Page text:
Everyone in the world is embracing new trends in the digital atmosphere.
The internet has such as a huge impact on the human lifestyle, as more and more people realize they can make money from all corners of the world by selling products from behind their computer or smartphone screens.
This has both positive and negative implications for our society.
Some people are using this mode of e-commerce for selling illegal goods and drugs, using dark web crime networks as a vehicle to do so.
And just last week, a man faced several drug-associated charges after a long investigation into his illegal drug dealing via the dark web.
Nathan James Harnor has been dealing drugs online for a long period of time, but finally the police were notified of the operation and took heed to arrest him.
Drug trafficking is an illegal act, indiscriminate of whether it takes place on or offline.
The 43-year-old man involved in dark web drug dealing was arrested by Australian Federal Police and NSW Police after they swooped on his premises in Sydney’s inner west last week.
Beforehand, the officers came to find out the man was in Sydney and they quickly communicated with their partners to ensure he wouldn’t get away before they could arrest him.
Police officers investigated his properties at Wolli Creek and Tempe at 8 a.m., where they found cocaine, MDMA, psilocybin (magic mushrooms), more than $12,000 in cash, along with drug equipment and packaging.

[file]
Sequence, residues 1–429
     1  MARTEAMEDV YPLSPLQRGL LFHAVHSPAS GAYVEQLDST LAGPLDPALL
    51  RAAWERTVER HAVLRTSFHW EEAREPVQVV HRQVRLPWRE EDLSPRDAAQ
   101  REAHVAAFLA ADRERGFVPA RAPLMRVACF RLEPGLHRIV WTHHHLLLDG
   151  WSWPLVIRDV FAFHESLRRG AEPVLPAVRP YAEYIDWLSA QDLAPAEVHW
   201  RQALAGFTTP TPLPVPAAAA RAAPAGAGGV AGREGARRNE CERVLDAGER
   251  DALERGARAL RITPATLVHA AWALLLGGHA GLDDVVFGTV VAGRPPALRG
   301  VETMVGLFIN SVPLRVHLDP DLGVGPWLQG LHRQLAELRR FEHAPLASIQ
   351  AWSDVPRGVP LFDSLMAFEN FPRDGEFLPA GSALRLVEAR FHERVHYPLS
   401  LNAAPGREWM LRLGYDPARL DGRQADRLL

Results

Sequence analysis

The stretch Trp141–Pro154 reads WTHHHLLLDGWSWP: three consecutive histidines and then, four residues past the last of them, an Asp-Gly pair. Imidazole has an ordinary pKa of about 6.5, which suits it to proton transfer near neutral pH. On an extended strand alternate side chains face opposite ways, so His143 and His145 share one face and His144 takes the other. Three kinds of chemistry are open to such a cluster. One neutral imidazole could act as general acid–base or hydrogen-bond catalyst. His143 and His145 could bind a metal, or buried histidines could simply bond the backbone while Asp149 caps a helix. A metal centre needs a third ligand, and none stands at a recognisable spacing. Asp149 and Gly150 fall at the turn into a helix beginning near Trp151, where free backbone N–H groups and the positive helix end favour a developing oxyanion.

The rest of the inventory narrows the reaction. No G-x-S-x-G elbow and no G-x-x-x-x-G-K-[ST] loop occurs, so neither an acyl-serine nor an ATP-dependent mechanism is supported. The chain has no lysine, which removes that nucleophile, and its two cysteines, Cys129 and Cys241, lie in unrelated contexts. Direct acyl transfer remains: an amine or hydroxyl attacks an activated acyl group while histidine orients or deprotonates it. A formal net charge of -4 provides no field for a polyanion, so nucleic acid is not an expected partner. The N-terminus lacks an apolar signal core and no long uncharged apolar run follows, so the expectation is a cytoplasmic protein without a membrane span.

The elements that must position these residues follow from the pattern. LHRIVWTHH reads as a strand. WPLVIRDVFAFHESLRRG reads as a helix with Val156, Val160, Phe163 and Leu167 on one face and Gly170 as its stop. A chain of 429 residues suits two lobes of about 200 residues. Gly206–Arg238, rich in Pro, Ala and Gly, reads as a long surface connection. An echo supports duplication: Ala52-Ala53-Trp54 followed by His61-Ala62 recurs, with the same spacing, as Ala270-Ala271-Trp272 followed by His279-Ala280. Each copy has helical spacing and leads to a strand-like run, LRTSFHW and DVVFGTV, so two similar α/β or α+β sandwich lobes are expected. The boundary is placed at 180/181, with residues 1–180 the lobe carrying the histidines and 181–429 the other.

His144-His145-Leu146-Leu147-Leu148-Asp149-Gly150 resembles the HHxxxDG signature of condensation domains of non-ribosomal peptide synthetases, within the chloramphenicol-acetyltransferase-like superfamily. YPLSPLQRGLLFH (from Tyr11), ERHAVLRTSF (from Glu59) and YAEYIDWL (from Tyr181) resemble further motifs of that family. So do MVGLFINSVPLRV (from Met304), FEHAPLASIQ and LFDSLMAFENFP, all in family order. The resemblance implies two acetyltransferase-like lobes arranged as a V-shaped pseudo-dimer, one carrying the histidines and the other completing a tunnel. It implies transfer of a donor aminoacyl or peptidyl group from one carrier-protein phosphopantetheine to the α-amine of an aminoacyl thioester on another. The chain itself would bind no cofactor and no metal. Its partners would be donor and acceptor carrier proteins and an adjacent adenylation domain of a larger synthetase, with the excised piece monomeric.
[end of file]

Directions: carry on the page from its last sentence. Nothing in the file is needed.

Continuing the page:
During these investigations, the officers also found laptops loaded with sophisticated hardware and software encryption suspected to have been used in his drug dealing activities on the dark web.
The man was then arrested and taken to Newtown Police Station, where he would later be charged with eight counts of drug supply, being involved with the proceeds of crime and supplying illegal drugs on dark web markets.
Police allege he marketed and sold illicit drugs online, sending the items to customers through the post.
The dark web operation has allegedly been going on for the last two years.
This method of drug dealing poses a major challenge to security forces, as there are no direct transactions between the drug supplier and the buyer.
Tony Cooke, a drug squad officer, said that new technology posed a challenge for law enforcement.
But he promised that they are too working towards updating their software used in security to ensure they’re able to detect and track such online transactions in the future.
Cooke added that through dark web networks, drug suppliers are able to communicate with their customers directly from their premises or anywhere on their mobile devices.
This makes online drug dealing very difficult to detect compared with other, more in-person methods of exchanging drugs.
Dark web drug dealers are creative in that they’ve built an environment by which they can conduct their illegal businesses under the protection of tight security.
Police said the situation with this drug dealer has really challenged law enforcement, but they too are evolving and updating their techniques to investigate dark web-facilitated drug transactions.
Federal police investigator Simon Walsh said the combined investigation produced a good result that was vividly approved by all citizens.
Drug trafficking through the dark web is an illegal business that directly affects the country’s economy directly.
It should, therefore, be dealt with as sensitivity and thoroughly as possible.
Walsh added that the combined working efforts between the AFP and NSW Police have led to great results, and it is vital that Australian law enforcement agencies work together to fight illicit drug supply on the dark web.
If all security forces work together, there is no single issue that will go unnoticed.
The incident was a good example of the fruits of having a united security force in Sydney.
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